7-inch tablet with Intel Atom Z3735G processor sells for $55

Hardware platforms based on Atom Z3735G or Z3735F Bay Trail processors were all the rage in 2014-2016, as the processors were found in tablets, mini PCs, and single board computers sold at price points that provided alternatives to Arm platforms that may not be as well supported.

But time has passed and those processors are really slow by today’s standard, so I was surprised to find out some companies were still selling products based on Bay Trail processors with the “MOMO7W” 7-inch tablet powered by an Intel Atom Z3735G quad-core processor, coupled with 1GB RAM and 16GB flash.

cheap Atom Z3735F tabletMOMO7W tablet specifications:

  • SoC – Intel Atom Z3735G quad-core Bay Trail processor @ up to 1.33 GHz / 1.83 GHz (Turbo) with Intel HD graphics; 2.2W SDP. Note: it’s indeed discontinued.
  • Storage – 1GB SDRAM
  • Storage – 16 GB eMMC flash, MicroSD card slot up to 32GB
  • Display – 7-inch capacitive touch display with 1024×600 resolution
  • Video Output – Micro HDMI port
  • Audio – 3.5mm audio jack, built-in speaker and microphone
  • Camera – 0.3MP front-facing camera
  • Networking  – 802.11b/g/n WiFi 4, Bluetooth 4.0
  • Sensors – G-Sensor
  • Misc – Volume and power buttons
  • Battery – 2,500 mAh Li-ion Battery
  • Power Supply – 5V/2A via Micro USB port
  • Dimensions –  188 x 108 x 10.5mm
  • Weight – 265 grams

Cheap Windows 10 tabletThe tablet ships with a charger and a USB cable. It comes pre-loaded with Windows 10, but it should be possible to install Linux distributions as well, as one YouTuber did last year. There used to be issues with HDMI audio in Linux on Bay Trail processors and 32-bit UEFI bootloaders but I understand those have been resolved.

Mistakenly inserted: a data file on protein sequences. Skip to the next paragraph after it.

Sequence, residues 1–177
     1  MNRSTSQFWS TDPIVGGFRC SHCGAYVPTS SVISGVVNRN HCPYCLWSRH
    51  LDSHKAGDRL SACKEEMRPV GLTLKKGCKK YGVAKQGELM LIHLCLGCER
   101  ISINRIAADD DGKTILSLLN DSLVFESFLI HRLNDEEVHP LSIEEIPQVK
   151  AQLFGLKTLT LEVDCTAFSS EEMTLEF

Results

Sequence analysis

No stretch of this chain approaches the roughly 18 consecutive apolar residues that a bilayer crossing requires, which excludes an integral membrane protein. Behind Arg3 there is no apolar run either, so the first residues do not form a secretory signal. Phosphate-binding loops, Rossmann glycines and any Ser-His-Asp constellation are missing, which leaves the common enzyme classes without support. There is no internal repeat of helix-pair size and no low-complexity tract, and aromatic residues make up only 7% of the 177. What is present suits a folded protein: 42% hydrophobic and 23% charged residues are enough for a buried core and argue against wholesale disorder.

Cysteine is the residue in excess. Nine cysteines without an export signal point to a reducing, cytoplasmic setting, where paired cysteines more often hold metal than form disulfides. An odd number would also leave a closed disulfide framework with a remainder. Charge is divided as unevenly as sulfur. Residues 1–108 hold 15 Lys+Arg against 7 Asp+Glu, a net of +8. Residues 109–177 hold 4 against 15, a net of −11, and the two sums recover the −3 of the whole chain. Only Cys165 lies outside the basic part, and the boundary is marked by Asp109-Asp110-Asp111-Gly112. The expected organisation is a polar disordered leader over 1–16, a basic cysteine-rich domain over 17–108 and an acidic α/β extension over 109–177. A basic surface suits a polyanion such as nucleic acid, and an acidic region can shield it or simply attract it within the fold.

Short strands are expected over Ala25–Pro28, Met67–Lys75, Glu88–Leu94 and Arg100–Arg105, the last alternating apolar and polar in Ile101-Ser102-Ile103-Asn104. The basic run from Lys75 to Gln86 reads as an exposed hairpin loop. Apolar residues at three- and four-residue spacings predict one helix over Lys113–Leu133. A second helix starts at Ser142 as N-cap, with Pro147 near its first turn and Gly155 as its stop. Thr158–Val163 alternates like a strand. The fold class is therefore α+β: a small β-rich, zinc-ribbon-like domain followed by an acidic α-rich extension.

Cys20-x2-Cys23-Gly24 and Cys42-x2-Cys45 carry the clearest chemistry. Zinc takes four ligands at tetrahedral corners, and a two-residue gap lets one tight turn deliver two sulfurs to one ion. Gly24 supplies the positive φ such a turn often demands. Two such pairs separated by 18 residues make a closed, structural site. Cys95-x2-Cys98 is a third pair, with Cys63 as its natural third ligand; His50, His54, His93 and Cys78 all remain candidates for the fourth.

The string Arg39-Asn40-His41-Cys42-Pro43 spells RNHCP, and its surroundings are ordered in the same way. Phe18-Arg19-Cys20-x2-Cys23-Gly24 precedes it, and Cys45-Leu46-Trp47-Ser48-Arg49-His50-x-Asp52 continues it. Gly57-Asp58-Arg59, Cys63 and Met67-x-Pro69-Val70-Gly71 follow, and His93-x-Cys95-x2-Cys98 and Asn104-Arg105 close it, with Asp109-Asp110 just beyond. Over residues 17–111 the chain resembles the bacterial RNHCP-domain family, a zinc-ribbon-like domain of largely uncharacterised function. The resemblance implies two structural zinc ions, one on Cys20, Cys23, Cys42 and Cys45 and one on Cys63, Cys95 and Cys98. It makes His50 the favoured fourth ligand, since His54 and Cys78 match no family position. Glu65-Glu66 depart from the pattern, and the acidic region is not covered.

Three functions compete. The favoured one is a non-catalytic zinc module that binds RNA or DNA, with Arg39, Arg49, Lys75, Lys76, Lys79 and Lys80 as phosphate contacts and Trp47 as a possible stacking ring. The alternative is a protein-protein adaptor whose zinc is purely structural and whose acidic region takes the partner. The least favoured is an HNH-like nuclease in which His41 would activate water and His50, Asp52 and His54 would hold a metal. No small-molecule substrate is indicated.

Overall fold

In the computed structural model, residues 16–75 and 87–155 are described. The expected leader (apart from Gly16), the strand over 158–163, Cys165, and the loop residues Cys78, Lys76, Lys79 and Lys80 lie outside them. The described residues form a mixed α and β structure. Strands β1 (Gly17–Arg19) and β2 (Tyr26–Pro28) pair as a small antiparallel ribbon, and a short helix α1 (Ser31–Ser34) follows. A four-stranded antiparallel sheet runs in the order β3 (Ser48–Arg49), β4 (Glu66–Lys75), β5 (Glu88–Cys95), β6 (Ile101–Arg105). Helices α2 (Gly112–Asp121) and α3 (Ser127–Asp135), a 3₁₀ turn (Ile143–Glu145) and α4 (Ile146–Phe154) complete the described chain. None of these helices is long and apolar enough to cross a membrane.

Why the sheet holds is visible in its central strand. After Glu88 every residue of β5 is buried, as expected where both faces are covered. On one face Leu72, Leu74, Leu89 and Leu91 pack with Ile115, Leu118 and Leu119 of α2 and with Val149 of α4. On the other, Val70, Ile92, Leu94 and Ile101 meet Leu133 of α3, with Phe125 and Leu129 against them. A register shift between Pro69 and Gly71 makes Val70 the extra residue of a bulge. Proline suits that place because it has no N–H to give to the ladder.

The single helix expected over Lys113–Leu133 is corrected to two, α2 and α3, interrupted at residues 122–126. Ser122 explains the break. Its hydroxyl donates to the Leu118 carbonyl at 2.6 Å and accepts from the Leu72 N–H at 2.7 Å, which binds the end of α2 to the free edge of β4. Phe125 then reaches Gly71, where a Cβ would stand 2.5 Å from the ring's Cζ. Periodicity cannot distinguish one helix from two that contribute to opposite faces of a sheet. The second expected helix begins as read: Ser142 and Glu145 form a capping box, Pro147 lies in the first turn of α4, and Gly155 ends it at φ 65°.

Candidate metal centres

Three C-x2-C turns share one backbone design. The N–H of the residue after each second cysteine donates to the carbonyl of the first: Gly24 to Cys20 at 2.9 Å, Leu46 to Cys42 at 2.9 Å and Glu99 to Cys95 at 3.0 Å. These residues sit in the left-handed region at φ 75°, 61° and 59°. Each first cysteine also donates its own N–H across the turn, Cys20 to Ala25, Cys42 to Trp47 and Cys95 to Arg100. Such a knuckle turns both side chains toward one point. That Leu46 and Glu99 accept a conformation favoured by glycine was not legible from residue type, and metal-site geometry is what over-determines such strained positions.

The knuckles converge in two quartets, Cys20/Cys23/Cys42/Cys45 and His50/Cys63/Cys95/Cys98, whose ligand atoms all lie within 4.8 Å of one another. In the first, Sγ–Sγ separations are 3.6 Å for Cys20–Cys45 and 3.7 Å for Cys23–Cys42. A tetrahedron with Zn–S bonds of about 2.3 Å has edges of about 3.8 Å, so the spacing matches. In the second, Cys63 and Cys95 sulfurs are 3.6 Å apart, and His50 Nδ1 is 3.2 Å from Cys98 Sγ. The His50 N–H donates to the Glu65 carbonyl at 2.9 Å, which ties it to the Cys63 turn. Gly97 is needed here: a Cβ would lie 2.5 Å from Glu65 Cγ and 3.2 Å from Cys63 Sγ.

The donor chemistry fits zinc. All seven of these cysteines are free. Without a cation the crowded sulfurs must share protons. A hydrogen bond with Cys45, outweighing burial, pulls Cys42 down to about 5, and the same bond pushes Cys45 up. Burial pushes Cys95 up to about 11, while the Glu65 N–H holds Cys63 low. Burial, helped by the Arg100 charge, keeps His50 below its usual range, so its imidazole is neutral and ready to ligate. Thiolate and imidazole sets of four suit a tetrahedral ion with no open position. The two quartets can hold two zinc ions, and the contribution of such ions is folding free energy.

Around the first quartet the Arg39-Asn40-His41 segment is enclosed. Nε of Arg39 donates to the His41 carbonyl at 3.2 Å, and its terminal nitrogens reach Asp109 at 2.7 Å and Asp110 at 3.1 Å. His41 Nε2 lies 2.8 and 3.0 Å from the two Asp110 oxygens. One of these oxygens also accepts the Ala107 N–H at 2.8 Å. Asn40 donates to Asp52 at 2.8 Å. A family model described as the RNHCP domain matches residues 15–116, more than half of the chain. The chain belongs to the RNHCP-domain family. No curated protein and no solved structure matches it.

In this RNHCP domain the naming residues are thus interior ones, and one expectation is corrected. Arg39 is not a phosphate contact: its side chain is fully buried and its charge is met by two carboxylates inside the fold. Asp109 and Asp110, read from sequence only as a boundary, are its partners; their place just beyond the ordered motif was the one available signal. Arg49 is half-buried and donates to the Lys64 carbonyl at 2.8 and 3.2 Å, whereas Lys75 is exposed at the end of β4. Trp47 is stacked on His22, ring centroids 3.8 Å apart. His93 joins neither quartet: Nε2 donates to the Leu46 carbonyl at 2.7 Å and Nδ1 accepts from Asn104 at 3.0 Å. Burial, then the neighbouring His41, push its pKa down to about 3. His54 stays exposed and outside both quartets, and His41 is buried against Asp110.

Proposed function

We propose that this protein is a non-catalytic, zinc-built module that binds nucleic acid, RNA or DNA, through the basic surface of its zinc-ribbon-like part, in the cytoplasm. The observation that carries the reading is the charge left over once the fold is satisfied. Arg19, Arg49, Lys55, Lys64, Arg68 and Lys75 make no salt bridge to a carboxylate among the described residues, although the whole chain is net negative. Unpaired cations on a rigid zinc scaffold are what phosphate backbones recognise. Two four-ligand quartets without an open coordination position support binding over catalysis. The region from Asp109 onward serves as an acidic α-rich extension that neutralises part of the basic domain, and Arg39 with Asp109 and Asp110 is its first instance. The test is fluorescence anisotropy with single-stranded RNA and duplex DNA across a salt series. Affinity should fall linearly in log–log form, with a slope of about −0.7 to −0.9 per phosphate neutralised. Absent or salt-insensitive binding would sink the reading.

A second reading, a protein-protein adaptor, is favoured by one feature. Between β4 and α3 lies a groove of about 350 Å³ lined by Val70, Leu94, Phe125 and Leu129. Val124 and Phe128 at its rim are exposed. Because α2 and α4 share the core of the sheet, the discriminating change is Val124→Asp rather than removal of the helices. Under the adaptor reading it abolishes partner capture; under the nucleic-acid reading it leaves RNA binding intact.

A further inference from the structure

CNX Software condemns child and elderly abuse in no uncertain terms, and I would NOT recommend buying this as a tablet for your child or grandma, simply because it will be incredibly sluggish, and only suitable to run one program at a time. It might still be interesting for people needing a touchscreen display for a human-machine interface (HMI), especially if the software only runs on x86 hardware, or for other single-purpose tasks.

The “PLOYER  MOMO7W” Atom Z3735G tablet was released in 2015, and it’s now cheaper than the larger PineTab Linux tablet, at just $55.27 including shipping but excluding taxes for readers in the European Union.

Thanks to theguyuk for the tip.

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47 Replies to “7-inch tablet with Intel Atom Z3735G processor sells for $55”

      1. Wow. I had no idea 1GB was actually a limit.

        Absolutely pathetic. Even in 2014 1GB wasn’t even close to enough.

  1. CNX Software condemns child and elderly abuse in no uncertain terms

    Even worse, this is abuse against humanity by Intel.
    Only masochist buy these crappy tablet.

    for other single-purpose tasks.

    Only single purpose task for this is as a paper weight.

    1. Oh, that resolution, too! 1024×600 isn’t even good for watching movies. 1280×800 is acceptable in that size, but FHD would be better. Still, not for $55, though.

      1. I have Xubuntu on a 2 GB lappy and it’s okay. I have even done some lightweight Python dev work on it

    1. I have a Bay Trail MiniPC with Debian and Xfce. No problem at all to use Kodi or Youtube on Firefox with 1080p videos.

  2. I have a Hyundai Protocol 8x which looks distirburbingly like this tablet with the exception of the HDMI out. It, at least, has 2GB of memory and almost runs Win10 acceptably. I wouldn’t recommend it to anyone trying to get work done, but it can play videos from streaming services and browse the web–as long as you don’t keep too many tabs open.

    I can’t imagine how horrible it would be with 1GB of memory. Also, the G version has only one memory bank instead of the two that the F model has (my tablet has the F model). That’s got to really kill performance. Half the memory and half the bandwidth!

    The only thing that could save it would be a thin Linux distro and life as a single function kiosk. Maybe a display for a 3D priter or something would be acceptable. You might be able to stuff Klipper/Mainsail on there…

    The thing that recurringly bothers me about this tablet is that I *cannot* find a USB-OTG powered hub. I want more USB ports and I want to provide power to the tablet at the same time. I just can’t find the device that lets me do that. An OTG adapter and a normal powered hub serves well to power downstream things, but doesn’t charge the tablet. There has to be such a device out there. Anyone know one?